Ross sailed to North America as a Major General to take charge of all British troops off the east coast of the United States. He personally led the British troops ashore in Benedict, Maryland, and marched through Upper Marlboro, Maryland, to the attack on the Americans at the Battle of Bladensburg on 24 August 1814, causing the hastily organised militia of the American army to collapse into a rout.[2][3] Moving on from Bladensburg, Ross moved on to nearby Washington, D.C., and was fired upon; his horse was shot from under him. The public buildings, facilities and Navy Yards of the city, including the United States Capitol and the White House were burned as retaliation for destructive American raids into Canada, most notably the Americans' Burning of York (modern Toronto) earlier in 1813, which were themselves in retaliation to British raids into the United States. Controversy surrounds Ross's decision to destroy public property but spare private property during the burning.[1]

Ross then was persuaded to attack Baltimore, Maryland. His troops landed at the southern tip of the "Patapsco Neck" peninsula (between the Patapsco River and Baltimore Harbor on the south and Back River on the north) of southeastern Baltimore County at North Point, twelve miles southeast from the city, on the morning of 12 September 1814. En route to what would be the Battle of North Point, a part of the larger Battle of Baltimore, the British advance encountered American skirmishers. General Ross rode forward to personally direct his troops. An American sharpshooter shot him through the right arm into the chest. According to Baltimore tradition, two American riflemen, Daniel Wells, 18, and Henry McComas, 19, fired at him and one of them had fired the fatal shot. Ross died while he was being transported back to the fleet.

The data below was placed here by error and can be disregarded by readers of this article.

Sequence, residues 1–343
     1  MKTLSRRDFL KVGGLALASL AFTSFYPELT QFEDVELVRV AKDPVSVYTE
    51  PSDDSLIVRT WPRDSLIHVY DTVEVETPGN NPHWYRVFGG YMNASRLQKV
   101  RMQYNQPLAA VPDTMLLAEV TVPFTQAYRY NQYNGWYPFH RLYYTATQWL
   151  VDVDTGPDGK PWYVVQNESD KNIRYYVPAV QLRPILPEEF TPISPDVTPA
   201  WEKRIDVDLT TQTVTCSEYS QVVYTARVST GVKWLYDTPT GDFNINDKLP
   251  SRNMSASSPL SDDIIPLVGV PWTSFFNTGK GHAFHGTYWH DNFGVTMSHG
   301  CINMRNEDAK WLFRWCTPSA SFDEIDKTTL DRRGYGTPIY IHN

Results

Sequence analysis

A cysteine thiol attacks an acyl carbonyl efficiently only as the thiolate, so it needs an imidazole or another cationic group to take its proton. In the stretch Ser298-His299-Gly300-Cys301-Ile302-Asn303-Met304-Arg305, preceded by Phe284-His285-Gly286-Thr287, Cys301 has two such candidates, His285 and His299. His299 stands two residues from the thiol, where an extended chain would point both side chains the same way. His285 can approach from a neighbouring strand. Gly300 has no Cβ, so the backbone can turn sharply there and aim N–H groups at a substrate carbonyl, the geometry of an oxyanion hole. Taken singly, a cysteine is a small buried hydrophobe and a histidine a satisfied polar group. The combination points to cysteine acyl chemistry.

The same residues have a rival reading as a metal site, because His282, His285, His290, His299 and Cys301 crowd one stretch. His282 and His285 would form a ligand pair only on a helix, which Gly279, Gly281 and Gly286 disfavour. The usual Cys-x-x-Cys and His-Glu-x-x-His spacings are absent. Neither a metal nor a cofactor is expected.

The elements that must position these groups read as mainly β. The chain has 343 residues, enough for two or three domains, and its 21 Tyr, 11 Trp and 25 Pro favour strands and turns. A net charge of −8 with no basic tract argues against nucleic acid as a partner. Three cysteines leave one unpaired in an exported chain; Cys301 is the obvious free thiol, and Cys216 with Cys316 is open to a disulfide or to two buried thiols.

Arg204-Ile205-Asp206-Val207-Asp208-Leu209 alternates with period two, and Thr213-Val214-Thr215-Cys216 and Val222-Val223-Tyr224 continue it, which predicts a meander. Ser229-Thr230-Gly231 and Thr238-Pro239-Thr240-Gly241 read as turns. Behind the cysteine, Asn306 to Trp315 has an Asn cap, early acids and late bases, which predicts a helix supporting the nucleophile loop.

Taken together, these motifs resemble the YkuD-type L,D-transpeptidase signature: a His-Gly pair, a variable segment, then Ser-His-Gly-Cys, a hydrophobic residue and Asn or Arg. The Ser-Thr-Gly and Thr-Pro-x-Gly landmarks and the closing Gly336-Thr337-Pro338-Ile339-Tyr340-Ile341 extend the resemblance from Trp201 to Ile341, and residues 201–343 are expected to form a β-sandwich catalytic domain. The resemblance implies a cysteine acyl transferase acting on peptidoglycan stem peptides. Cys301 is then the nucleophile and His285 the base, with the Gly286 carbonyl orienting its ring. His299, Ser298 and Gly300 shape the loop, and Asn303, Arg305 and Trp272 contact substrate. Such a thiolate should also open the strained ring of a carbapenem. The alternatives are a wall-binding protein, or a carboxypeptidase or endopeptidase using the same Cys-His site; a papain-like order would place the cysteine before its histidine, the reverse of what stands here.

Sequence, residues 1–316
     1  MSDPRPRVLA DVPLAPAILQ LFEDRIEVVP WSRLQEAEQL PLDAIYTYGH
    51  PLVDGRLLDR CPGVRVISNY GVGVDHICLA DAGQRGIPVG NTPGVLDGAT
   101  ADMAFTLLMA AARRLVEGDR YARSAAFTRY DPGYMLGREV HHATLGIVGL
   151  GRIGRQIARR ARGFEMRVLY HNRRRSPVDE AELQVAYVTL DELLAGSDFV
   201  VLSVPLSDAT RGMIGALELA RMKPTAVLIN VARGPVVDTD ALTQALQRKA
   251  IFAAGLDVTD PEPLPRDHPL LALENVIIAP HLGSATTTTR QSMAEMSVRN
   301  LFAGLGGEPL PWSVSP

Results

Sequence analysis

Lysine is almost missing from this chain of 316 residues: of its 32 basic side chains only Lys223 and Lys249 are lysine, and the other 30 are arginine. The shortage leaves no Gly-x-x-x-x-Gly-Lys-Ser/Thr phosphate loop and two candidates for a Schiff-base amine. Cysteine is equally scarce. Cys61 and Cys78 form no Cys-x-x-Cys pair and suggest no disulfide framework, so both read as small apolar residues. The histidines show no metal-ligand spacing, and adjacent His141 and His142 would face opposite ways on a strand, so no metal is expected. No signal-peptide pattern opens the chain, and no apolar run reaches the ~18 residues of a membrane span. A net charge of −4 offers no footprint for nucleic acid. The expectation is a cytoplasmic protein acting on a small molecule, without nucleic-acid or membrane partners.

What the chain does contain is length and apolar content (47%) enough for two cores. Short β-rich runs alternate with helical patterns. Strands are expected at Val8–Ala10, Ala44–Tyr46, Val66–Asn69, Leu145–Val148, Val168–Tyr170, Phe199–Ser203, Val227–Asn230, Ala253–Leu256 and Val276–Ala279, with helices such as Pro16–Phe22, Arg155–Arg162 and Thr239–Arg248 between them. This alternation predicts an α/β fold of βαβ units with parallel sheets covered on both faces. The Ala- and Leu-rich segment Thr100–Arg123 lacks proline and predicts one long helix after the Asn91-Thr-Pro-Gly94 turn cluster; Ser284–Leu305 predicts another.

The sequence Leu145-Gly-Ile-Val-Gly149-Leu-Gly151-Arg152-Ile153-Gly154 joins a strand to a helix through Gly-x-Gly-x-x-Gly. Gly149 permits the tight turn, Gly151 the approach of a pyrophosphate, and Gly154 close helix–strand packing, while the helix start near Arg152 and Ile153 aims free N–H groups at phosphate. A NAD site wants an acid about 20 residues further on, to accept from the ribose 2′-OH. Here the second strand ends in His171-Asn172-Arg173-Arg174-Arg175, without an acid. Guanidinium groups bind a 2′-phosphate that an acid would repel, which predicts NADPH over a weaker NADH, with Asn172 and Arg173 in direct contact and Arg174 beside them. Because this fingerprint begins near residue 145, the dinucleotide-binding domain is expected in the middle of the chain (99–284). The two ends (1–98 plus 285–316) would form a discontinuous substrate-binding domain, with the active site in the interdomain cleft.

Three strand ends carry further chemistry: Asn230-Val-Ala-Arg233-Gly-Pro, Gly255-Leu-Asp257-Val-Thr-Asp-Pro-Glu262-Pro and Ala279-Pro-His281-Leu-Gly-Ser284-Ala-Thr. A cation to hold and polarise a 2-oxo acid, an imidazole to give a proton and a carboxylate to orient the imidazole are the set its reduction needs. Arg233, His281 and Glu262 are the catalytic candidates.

Ross's body was preserved in a barrel of 129 gallons (586 l) of Jamaican rum aboard HMS Tonnant.[4] When the Tonnant was diverted to New Orleans for the forthcoming battle in January 1815, his body was shipped on the British ship HMS Royal Oak to Halifax, Nova Scotia, where his body was interred on 29 September 1814 in the Old Burying Ground.

Legacy[edit]

Robert Ross Monument, Rostrevor, County Down, Northern Ireland
Ross's tomb in the Old Burying Ground in Halifax, Nova Scotia, Canada

He is commemorated by a 99-foot granite obelisk near the shoreline of Carlingford Lough in the Ross home village of Rostrevor, County Down in Northern Ireland, as well as by a monument in St Paul's Cathedral in London, England. The inscription on the monument reads:

DEDICATED AT THE PUBLIC EXPENSE TO THE MEMORY
OF MAJOR GENERAL ROBERT ROSS
WHO HAVING UNDERTOOK AND EXECUTED AN ENTERPRISE AGAINST THE
CITY OF WASHINGTON, THE CAPITAL OF THE UNITED STATES OF AMERICA
WHICH WAS CROWNED WITH COMPLETE SUCCESS WAS KILLED SHORTLY
AFTERWARDS WHILE DIRECTING A SUCCESSFUL ATTACK UPON A SUPERIOR FORCE NEAR THE
CITY OF BALTIMORE ON THE 12TH DAY OF SEPTEMPTER 1814